The Senate Commerce Committee approved changes to an auto safety bill as part of a possible overhaul of the National Highway Traffic Safety Administration that, among other things, could entice automakers to issue safety recalls sooner rather than later, if passed into law. This means that if you own a car that is potentially unsafe, there is a greater likelihood you’ll know about it sooner.

The bill would raise the maximum fine for an automaker delaying a recall from $17.35 million to a staggering $250 million, reports The Detroit News. “For more than a year, proponents have pushed Congress to strengthen auto safety measures in the wake of sudden acceleration concerns in Toyota Motor Corp. vehicles.”

The campaign to overhaul NHTSA has recently gained momentum, reports Autoblog. Numerous safety measures were added to the bill, giving it the stamp of approval by the Senate sub-committee.

The bill, which has yet to be voted on for passage into law, “wouldn't take effect until one year after it passes,” reports MSN Autos.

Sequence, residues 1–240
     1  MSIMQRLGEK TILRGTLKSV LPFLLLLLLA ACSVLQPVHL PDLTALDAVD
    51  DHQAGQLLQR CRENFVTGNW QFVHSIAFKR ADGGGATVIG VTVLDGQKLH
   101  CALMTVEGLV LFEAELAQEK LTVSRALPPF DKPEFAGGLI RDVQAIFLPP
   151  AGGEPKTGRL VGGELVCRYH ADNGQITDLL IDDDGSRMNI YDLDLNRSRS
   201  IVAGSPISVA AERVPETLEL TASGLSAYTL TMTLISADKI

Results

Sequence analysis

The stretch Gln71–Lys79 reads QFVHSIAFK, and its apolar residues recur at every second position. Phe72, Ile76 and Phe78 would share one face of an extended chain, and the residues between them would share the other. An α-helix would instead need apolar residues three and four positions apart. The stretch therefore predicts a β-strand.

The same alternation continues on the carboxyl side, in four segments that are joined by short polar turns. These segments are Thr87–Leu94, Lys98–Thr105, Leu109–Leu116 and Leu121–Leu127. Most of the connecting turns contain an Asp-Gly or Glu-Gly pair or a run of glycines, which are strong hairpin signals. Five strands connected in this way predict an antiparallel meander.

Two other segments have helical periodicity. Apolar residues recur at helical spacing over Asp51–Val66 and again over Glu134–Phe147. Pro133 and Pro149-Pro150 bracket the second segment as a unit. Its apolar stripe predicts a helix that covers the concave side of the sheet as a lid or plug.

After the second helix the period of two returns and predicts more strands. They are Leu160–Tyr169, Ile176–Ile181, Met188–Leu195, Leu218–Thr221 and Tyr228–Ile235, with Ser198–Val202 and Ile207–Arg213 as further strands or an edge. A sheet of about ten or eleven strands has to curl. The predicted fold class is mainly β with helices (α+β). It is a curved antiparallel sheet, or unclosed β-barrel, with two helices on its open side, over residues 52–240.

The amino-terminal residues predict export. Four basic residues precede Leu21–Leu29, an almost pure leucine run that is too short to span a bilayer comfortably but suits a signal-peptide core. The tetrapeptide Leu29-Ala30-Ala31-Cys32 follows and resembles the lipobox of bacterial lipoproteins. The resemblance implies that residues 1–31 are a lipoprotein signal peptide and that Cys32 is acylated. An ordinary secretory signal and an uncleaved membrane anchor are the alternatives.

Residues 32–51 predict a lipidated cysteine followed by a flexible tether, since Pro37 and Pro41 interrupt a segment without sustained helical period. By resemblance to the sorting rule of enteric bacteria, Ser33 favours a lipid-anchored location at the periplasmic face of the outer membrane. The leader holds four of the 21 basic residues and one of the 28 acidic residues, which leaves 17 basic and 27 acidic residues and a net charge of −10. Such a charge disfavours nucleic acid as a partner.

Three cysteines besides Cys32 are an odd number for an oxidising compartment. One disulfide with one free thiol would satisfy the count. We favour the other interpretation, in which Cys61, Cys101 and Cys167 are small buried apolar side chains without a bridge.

The Alliance of Automobile Manufacturers, which includes Toyota and General Motors, among many others, said in a letter to Congress that the proposed fine increases are  “out of proportion” relative to other penalty structures, The Detroit News reports. The Alliance does not disagree with all aspects of the bill, however.

One part it favors is a mandate for all cars to be equipped with on-board data recorders, known as black boxes, which are currently equipped in all airplanes. If you’re ever in an accident, these recording devices would help investigators determine the actual cause of the accident, be it driver error, an equipment malfunction or another vehicle.

Another aspect of the bill allows states to receive financial grants for outlawing texting while driving and teen cell phone use behind the wheel. Texting while driving is already outlawed in several states. On Tuesday, the NTSB proposed a nationwide ban on all cell phone use by drivers.  

Also included in the bill is further funding for research of in-car breathalyzers. These units would prevent the car from starting if it senses that the driver’s blood alcohol content is over the legal limit.

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